Getting a spot on one of the most talked about Netflix shows of the moment seems like it would be a big deal for a rising indie band. That said, Car Seat Headrest frontman Will Toledo doesn’t seem all that thrilled about 13 Reasons Why, which features his group’s song “Oh! Starving.” In fact, he took to Twitter over the weekend to share some biting words about the controversial program, which deals with the aftermath of a high school student’s suicide.
Toledo summed up his thoughts on the show by calling it “kind of f*cked”:
“As someone who contributed to the soundtrack for ’13 Reasons Why’, I am obliged to tell you all that it’s kind of f*cked. Writers: please don’t tell kids how to turn their miserable and hopeless lives into a thrilling and cathartic suicide mission. Kids: this is not a narrative you need to subscribe to. go watch ‘Spring Breakers’ instead.”
Punk group Titus Andronicus took exception to Toledo publicly calling out the show, especially since he was paid to be a part of it. In a series of tweets beginning last night and continuing this morning, the band wrote that the world isn’t Toledo’s “private safe space” and accused him of being “selfish and typically millennial”:
“At least sixty people want to know what happened to the money from the ‘kind of f*cked’ show to which you contributed yr song and I am one. Pretending that suicide isn’t real, and keeping it out of the art so it doesn’t give anybody ideas, is the opposite of art’s purpose. And just because one depiction of suicide doesn’t ‘help’ one particular indie rock singer doesn’t mean that it doesn’t help someone like me. And just because a depiction of a real thing doesn’t give YOU the help YOU need, well, YOU are not the entire world.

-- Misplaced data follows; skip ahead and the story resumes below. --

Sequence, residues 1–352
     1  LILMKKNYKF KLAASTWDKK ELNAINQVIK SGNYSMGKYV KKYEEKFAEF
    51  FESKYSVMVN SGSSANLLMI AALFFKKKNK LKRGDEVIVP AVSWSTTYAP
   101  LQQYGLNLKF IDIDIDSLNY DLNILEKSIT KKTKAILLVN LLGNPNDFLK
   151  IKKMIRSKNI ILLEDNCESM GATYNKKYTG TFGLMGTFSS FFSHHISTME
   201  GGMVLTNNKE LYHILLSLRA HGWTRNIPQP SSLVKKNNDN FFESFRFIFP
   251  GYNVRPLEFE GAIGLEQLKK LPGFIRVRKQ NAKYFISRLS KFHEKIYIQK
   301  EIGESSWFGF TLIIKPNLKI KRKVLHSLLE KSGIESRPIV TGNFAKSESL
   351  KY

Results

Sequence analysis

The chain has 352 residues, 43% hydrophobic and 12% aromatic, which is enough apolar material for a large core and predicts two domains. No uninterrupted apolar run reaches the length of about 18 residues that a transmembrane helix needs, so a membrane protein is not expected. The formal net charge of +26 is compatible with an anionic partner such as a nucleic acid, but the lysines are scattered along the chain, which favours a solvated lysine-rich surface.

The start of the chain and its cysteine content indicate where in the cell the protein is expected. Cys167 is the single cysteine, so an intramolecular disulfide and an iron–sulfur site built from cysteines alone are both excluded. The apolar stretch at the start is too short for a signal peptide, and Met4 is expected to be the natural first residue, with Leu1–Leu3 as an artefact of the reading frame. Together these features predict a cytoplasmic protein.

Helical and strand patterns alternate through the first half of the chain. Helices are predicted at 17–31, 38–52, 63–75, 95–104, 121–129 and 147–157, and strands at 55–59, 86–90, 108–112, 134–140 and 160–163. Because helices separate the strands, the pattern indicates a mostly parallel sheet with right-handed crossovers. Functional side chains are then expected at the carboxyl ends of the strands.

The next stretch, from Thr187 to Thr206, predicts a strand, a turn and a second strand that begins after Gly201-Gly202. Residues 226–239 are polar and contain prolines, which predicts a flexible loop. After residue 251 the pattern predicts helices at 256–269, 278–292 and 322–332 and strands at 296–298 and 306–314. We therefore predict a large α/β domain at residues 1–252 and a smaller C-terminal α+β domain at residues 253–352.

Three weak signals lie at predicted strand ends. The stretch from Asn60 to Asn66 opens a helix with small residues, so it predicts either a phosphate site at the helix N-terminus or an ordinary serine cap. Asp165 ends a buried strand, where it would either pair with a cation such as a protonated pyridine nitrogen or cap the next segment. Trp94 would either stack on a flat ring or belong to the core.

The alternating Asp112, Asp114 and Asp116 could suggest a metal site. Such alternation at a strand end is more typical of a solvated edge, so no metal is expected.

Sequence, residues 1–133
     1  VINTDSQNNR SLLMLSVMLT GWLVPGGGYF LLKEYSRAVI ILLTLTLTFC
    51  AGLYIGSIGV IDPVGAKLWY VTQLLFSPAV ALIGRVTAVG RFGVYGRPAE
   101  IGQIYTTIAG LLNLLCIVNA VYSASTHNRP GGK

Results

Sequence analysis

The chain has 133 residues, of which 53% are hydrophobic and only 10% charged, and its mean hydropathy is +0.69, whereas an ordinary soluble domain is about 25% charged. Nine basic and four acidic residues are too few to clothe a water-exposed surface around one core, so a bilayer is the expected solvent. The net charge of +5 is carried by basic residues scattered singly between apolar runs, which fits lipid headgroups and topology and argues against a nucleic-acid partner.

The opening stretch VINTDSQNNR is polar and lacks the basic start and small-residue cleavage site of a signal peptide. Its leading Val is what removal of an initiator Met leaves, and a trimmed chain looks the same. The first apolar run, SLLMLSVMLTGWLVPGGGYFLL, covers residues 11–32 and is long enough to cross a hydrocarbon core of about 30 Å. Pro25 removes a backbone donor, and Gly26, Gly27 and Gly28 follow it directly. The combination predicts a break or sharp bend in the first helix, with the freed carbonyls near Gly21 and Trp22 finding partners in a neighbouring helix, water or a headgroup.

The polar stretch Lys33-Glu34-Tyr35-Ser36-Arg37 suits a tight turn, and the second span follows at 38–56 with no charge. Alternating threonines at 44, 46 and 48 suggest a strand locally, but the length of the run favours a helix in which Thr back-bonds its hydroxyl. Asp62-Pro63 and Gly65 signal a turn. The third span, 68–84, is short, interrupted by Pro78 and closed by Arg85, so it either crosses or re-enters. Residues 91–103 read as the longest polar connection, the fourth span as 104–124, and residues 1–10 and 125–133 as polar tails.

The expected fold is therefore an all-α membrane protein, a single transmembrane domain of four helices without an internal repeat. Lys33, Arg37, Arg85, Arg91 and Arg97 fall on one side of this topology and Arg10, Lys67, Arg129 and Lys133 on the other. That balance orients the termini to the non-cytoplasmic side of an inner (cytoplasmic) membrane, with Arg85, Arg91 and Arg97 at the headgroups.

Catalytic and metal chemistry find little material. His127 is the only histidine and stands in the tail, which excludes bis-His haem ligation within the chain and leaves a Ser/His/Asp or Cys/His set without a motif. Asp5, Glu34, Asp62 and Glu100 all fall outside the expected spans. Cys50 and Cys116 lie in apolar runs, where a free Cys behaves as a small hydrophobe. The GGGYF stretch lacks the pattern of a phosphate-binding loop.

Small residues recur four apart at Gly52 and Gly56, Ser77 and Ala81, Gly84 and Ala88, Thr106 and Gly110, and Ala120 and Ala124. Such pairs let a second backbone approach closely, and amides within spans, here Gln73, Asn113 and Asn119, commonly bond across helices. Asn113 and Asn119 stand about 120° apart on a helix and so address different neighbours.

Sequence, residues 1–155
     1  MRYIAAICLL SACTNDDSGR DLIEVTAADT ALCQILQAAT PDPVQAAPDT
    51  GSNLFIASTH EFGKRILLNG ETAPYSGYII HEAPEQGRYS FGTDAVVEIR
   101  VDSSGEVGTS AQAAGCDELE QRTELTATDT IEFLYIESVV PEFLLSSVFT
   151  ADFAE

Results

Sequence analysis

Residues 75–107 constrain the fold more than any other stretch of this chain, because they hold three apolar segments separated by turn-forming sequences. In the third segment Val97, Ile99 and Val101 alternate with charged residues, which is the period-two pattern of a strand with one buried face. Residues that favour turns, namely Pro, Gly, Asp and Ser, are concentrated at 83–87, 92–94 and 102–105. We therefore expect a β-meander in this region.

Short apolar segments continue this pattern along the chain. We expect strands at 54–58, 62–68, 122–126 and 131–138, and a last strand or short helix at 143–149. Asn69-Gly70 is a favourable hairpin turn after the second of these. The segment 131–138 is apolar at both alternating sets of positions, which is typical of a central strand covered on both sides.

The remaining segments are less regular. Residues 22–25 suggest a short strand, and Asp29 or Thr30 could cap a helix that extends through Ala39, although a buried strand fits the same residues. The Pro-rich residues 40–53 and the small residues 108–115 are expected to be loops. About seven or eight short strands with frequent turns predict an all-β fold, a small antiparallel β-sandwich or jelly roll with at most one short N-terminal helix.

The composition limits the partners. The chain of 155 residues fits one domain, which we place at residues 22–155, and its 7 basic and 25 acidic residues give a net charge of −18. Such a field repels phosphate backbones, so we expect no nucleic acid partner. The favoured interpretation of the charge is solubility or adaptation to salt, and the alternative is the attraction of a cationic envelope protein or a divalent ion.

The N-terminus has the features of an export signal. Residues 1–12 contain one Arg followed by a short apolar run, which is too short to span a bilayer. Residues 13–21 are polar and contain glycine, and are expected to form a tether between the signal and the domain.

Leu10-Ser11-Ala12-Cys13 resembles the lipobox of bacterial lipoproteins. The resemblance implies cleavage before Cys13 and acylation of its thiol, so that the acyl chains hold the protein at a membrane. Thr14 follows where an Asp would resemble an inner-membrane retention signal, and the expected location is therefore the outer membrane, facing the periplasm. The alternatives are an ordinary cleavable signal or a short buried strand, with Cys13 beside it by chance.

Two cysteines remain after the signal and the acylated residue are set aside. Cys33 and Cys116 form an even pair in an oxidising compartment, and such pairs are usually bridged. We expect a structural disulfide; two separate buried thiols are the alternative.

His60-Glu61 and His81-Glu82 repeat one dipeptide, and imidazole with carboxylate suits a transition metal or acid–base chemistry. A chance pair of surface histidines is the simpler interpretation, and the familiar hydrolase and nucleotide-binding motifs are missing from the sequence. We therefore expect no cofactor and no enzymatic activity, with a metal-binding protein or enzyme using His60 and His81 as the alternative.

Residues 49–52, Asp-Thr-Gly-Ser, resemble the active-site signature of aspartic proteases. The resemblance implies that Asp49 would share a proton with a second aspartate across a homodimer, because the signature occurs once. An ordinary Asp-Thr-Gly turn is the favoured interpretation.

The world isn’t yr private safe space, okay? Real sh*t is going on out here and the real artists don’t wanna be censored bc y’all can’t deal. If you don’t like what you see on the screen, then turn it off and watch something else. Don’t try to take away something that helps someone else just cuz it doesn’t help you — that’s just plain selfish and typically millennial. And don’t talk sh*t on the ‘bad guys’ while you ‘add value’ to their project and spend their money because THAT is ‘kind of f*cked.'”
Toledo was quick to respond, tweeting back:
“Hi, not sure what’s going on here but the reason I tweeted my opinion instead of doing something ‘real’ is bc I don’t consider the world my ‘private safe space’. I’m not petitioning that the show be pulled out of circulation, or saying it’s devoid of merit. I’m saying that I personally don’t endorse the way that it handled the narrative. That’s all I can do! As for the money, I spent it all on hard drugs.”
Titus Andronicus capped off the discussion (at least for the moment) by writing, “Slide up in my DMs if you want to have any kind of dialogue about this because you, my friend, are way way off on this one, sorry to say. ‘Escape into the fantasy — real life is not happening — there is no teen suicide epidemic in America — nor an opiate crisis — party.'”
Regardless of whose side you take in this indie band debate, it seems that this is the type of discourse that the show’s writer, Nic Sheff, hoped it would start, since he recently wrote in Vanity Fair:
“When it comes to suicide, I believe the message should be exactly the same. Facing these issues head-on — talking about them, being open about them — will always be our best defense against losing another life.”